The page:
Paper cup setsubun mamemaki holders
One of the more original mamemaki holders I saw was on Hiragana Mama’s blog; a decorated paper cup.

Origami mamemaki holders
This year we are using origami boxes. This origami box paper craft is one of my favourite practical uses of origami.  You don’t need origami paper as this easy to make box uses rectangle shaped paper such as an A4 sheet of paper.

 

These are just some ideas and resources you can use to enjoy the Japanese February 3rd end of year festival by chasing away demons.  You can read about our setsubun last year, 2014,  here.

Setsubun; Chasing the demon away

Bean scattering,mamemaki,katori jingu shrine,katori-city,japan
It sounds like a metaphor for exorcism, but this is just another fun custom in Japan, carried out on February 3rd annually. Today, is Setsubun, the day before Spring starts and in some ways a type of New Year in Japan. For Setsubun, households use the ritual of Mamemaki, bean throwing, to rid the house of evil and allow luck in for the coming year. We shout “Demons out, luck in” as we throw beans at a Demon. Tonight, that demon was my husband!
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In preparation for the festivities tonight, we made some Demon masks for today’s craft. We also made little baskets to hold the beans. When my husband got home from work he donned the mask and the kid’s threw their beans at him while shouting the mamemaki chant. My husband exited the room when he felt they had “defeated” him! After that my eldest son also threw beans out the door while shouting the chant and closed the door firmly. This is another way people practise Mamemaki and he wanted to be sure.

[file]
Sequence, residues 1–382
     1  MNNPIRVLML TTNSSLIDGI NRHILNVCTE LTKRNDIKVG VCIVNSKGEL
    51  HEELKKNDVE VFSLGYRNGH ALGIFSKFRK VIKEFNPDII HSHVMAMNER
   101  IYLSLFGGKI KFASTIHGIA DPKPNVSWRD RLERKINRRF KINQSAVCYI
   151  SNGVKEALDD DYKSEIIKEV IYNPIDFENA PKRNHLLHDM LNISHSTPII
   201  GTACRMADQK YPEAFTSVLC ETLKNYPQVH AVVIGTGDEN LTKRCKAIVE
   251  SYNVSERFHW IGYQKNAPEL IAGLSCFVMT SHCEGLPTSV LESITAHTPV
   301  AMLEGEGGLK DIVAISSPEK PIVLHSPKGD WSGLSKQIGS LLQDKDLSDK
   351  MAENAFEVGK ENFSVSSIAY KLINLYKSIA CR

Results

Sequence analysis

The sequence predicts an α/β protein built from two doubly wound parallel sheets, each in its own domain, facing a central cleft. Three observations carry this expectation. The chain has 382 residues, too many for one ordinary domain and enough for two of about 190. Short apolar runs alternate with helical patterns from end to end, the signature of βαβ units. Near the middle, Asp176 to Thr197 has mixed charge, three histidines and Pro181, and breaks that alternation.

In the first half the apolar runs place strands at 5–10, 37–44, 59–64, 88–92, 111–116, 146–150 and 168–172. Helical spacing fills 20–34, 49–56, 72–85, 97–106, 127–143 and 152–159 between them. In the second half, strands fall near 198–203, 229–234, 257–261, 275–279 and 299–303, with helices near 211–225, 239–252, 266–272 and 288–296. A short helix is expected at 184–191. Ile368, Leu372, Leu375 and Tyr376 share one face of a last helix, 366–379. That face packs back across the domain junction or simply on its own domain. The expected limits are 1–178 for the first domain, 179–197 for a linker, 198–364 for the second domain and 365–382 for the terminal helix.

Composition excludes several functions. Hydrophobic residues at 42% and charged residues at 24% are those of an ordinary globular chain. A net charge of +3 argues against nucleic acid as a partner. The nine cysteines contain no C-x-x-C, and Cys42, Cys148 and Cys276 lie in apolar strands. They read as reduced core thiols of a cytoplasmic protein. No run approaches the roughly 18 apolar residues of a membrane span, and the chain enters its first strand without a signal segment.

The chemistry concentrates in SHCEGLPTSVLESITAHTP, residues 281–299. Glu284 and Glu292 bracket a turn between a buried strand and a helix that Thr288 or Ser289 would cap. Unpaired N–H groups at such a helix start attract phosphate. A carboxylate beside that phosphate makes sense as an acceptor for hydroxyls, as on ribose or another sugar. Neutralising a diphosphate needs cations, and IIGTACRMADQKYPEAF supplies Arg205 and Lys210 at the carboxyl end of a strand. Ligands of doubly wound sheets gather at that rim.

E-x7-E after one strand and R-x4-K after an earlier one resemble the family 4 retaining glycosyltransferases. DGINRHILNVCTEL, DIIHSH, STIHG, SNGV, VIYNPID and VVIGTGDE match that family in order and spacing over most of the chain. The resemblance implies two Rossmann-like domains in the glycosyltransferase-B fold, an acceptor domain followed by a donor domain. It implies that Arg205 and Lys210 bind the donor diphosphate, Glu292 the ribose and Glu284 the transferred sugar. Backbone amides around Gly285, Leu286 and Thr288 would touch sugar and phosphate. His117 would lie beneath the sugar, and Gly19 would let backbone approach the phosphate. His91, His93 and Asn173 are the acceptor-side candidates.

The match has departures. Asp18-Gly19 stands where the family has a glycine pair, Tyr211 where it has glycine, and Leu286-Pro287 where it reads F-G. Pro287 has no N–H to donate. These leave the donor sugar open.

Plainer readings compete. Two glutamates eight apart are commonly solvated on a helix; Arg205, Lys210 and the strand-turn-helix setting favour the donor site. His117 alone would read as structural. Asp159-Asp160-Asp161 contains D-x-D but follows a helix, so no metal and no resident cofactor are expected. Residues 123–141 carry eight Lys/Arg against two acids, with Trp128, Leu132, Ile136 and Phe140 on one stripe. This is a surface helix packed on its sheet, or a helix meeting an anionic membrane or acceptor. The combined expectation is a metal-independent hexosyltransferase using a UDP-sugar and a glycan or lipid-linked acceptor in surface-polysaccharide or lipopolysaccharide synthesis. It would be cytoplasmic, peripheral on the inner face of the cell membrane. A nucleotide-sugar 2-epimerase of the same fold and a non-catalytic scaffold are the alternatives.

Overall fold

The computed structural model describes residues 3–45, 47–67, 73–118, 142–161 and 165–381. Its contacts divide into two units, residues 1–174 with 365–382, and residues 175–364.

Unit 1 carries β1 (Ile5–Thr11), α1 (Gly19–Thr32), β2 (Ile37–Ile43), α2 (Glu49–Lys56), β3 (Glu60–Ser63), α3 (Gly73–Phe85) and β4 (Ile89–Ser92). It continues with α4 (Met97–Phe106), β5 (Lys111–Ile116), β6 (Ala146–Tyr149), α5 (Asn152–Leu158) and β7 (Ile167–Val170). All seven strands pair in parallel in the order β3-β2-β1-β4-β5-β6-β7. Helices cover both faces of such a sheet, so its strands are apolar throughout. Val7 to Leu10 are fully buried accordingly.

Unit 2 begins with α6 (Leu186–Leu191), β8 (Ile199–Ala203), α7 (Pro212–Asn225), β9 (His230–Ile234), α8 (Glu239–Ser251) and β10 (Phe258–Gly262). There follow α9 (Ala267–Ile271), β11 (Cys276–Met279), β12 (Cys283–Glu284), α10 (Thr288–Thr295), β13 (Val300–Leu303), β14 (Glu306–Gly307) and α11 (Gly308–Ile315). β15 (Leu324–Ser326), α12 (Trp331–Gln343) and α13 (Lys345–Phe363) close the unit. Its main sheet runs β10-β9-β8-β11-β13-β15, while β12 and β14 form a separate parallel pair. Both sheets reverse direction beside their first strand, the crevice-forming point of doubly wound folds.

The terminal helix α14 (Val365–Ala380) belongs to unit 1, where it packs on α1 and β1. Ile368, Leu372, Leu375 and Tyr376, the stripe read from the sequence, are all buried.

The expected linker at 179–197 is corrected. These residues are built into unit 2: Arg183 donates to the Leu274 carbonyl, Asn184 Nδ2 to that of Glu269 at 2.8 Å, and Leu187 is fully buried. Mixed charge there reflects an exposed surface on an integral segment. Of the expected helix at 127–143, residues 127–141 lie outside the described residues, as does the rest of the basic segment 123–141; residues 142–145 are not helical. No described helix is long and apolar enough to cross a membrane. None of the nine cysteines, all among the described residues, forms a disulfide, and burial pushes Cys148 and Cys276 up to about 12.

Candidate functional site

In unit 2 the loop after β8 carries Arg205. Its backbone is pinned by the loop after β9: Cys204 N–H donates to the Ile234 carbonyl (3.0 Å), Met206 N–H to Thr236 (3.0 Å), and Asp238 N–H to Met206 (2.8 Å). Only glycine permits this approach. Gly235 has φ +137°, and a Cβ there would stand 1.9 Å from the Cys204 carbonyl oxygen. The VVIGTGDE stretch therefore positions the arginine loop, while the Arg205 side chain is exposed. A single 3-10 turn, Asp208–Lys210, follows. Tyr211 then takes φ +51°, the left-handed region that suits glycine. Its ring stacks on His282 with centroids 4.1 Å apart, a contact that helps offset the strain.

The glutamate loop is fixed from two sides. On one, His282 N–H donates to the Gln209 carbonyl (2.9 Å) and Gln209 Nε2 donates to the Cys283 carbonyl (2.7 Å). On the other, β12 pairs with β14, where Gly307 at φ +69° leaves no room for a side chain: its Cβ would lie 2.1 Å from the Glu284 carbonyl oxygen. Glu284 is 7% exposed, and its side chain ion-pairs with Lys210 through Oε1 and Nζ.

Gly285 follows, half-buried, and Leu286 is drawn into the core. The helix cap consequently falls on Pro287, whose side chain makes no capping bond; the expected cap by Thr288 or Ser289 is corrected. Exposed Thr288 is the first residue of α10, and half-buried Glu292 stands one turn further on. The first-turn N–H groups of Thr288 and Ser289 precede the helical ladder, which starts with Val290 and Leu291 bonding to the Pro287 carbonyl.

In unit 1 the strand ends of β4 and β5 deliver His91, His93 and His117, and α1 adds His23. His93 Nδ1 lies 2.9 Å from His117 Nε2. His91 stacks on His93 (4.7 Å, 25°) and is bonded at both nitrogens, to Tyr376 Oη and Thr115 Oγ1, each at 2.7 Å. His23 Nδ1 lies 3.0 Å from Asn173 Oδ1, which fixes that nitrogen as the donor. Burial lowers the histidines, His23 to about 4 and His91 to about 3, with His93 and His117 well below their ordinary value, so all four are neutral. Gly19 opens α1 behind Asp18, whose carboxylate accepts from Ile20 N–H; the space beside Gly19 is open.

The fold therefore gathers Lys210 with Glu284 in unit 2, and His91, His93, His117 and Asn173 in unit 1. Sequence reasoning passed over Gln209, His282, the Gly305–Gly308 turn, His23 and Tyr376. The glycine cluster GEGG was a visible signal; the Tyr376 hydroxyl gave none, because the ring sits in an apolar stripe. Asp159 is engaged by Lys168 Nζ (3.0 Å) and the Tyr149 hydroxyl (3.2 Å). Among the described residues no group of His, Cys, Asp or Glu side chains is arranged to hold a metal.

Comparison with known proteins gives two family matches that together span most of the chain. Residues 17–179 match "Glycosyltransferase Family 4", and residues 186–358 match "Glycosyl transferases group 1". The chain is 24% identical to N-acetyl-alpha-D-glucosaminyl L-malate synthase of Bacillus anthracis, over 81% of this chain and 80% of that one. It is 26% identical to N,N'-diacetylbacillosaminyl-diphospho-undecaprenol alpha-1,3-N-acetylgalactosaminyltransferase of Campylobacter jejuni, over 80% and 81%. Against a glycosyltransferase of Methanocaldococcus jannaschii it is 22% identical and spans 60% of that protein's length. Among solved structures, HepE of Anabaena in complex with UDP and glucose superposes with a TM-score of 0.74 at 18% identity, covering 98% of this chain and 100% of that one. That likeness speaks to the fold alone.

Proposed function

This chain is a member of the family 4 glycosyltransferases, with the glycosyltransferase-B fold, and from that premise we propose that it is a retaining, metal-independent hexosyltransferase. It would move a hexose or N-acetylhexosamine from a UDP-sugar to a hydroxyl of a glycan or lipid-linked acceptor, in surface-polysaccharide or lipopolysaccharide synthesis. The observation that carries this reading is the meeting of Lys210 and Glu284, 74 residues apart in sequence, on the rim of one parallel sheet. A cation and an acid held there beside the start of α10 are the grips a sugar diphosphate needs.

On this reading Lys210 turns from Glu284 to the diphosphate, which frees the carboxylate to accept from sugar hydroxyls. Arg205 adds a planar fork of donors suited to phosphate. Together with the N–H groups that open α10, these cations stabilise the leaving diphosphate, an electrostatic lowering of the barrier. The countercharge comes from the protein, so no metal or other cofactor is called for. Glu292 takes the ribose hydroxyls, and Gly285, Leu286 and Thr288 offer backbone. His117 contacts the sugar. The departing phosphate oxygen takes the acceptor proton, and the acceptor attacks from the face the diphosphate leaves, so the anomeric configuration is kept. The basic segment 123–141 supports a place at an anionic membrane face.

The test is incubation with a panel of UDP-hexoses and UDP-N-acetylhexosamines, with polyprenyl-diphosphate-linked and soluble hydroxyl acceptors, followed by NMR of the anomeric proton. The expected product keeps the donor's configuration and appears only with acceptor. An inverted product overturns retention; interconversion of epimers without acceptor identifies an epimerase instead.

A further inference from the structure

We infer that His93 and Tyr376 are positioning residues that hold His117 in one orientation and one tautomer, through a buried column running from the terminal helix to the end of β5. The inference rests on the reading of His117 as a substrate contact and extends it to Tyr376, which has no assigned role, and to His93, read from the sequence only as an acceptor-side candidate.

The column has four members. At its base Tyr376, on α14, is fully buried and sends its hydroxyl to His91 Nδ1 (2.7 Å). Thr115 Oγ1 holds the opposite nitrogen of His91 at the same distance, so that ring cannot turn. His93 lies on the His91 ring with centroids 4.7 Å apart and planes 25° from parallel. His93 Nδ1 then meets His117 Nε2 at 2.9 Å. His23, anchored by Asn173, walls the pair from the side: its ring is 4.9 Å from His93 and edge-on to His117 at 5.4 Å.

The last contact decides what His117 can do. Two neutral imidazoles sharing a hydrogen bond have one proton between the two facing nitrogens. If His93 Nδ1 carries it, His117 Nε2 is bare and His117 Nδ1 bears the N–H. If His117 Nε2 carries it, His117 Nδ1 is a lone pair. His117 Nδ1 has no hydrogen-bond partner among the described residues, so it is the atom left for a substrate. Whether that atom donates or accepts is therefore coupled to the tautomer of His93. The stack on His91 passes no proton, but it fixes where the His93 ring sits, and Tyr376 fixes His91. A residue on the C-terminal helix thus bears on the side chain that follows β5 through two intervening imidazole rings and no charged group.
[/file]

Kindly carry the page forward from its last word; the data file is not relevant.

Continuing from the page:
Setsubun Activity at a children's centre
Setsubun Activity at a children’s centre

In previous years we participated in group mamemaki activities, but it was actually too scary for them with being so little. When you attend a shrine or a jidokan (free children’s centre) young children often don’t realise that somebody is dressed up as the demon, which can frighten the bejesus out of them. In some temples and shrines, such as Senso-ji in Asakusa (Tokyo), the priests or invited guests throw money in envelopes and other prizes as well as the beans into a crowd. That’s one to try out when the kids are old enough for the pushing and shoving, for now, its beans all the way.
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Tomorrow, we take out the hina matsuri dolls…